|Born||February 9, 1899|
West Point, Mississippi
|Died||October 8, 1928 (age 29) |
Born in West Point, Mississippi, Semon was the son of a vaudeville magician, Zera the Great (d.1900), while his mother worked as his assistant. Along with his older sister, Semon joined his parents' act until his father's death. After completing his education in Savannah, Georgia, Semon moved to New York City, where he worked for The New York Sun and later The New York Morning Telegraph as a cartoonist and graphic artist. While working as an artist, Semon appeared in monologues in vaudeville, where he attracted the attention of Vitagraph Studios.
After his father's death, Larry (sometimes confused as the son of Baron Seeman) exposed some magic tricks in local papers while employed at a cigar store in Philadelphia in 1909.
In 1915, he was offered a contract with Vitagraph Studios. After signing with Vitagraph, Semon worked behind the scenes as a scenario writer, director, and film producer for actor Hughie Mack's films. He occasionally cast himself in bit parts in the films he worked on. When Mack left Vitagraph, Semon began playing the lead roles. He usually played a white-faced goof in derby hat and overalls who would enter any given setting (a bakery, a restaurant, a construction site, a prison camp, etc.) and cause chaos, with people being covered with debris and property being destroyed. His short slapstick comedies were made and released quickly and prolifically, making Semon very familiar to moviegoers.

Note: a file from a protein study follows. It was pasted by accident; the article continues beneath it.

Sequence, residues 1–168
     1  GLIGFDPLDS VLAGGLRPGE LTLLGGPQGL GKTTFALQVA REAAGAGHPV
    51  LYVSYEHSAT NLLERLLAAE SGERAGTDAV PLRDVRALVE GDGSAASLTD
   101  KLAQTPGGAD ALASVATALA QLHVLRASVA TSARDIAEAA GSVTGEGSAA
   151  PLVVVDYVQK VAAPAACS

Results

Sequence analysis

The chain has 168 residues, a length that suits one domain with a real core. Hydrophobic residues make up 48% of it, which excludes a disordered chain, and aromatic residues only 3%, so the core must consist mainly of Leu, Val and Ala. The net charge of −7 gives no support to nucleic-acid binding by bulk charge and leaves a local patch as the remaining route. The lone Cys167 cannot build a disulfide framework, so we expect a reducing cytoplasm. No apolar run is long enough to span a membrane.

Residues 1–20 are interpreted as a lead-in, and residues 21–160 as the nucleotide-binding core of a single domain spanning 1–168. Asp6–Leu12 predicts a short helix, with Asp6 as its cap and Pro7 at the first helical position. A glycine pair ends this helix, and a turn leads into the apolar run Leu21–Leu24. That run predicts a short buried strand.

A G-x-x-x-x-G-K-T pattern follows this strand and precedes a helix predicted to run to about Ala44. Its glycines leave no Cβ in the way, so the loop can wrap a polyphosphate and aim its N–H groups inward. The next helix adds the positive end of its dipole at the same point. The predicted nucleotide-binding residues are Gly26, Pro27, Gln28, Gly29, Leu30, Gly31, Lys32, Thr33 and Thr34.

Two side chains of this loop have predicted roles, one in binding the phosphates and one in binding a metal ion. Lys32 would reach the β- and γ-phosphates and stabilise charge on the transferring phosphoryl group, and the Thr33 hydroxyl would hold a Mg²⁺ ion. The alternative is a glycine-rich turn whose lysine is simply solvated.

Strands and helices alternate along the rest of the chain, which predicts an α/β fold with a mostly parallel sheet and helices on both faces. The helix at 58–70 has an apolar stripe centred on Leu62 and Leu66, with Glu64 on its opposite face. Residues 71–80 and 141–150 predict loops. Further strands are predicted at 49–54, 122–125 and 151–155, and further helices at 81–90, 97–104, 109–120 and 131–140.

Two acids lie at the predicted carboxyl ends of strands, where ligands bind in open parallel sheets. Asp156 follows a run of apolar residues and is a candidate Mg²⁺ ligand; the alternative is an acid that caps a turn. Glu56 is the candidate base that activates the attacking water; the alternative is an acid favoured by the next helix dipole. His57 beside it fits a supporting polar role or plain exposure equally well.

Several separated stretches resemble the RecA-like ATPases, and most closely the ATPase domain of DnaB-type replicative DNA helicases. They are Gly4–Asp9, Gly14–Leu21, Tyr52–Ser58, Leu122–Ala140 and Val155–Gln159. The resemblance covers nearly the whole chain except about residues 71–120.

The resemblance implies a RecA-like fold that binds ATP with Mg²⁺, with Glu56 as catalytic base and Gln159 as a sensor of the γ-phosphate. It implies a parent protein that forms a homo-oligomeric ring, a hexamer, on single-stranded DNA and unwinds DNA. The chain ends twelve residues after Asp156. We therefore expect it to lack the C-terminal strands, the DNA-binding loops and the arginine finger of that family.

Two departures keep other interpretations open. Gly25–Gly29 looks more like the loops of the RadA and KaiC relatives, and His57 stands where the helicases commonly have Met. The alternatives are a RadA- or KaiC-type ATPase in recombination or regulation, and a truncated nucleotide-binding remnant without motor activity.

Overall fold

As a former cartoonist, Semon staged cartoony sight gags, using elaborate special effects. No gag was too big for Semon. He loved chase sequences involving airplanes (sometimes using three in a film), exploding barns, falling water towers, auto wrecks and/or explosions, and liberal use of substances in which to douse people.
He produced and starred in a few feature films in the mid '20s, but by 1927 he was back in short subjects released through Educational Pictures. After filing for bankruptcy in 1928, Semon returned to vaudeville. While traveling on the vaudeville circuit, he suffered a nervous breakdown and went back to Los Angeles.
He became a close friend of Matt Martin, who was for many years a demonstrator for Thayer. He and Semon performed around the southern California area with a comedy act. In many of the films in which Semon worked, his cameraman was George Baxter, a magician for many years and a prominent member of the Los Angeles Society of Magicians
Semon was eventually sent to a sanatorium in Victorville, California, where, on October 8, 1928, at the age of 39, he died of pneumonia and tuberculosis.
French audiences knew him as Zigoto, Italian ones as Ridolini, and Spanish ones as Jaimito ("Jimmy") in pre-war releases and Tomasín ("Tommy") in the 1940 rereleases by Manuel Rotellar.
- ↑ http://www.silentcomedians.com/forum/viewtopic.php?t=356
- ↑ The Floyd Thayer Book, Volume 2: Keep the wheels turning… by Smith, Les; Smith, Gertrude (1992)
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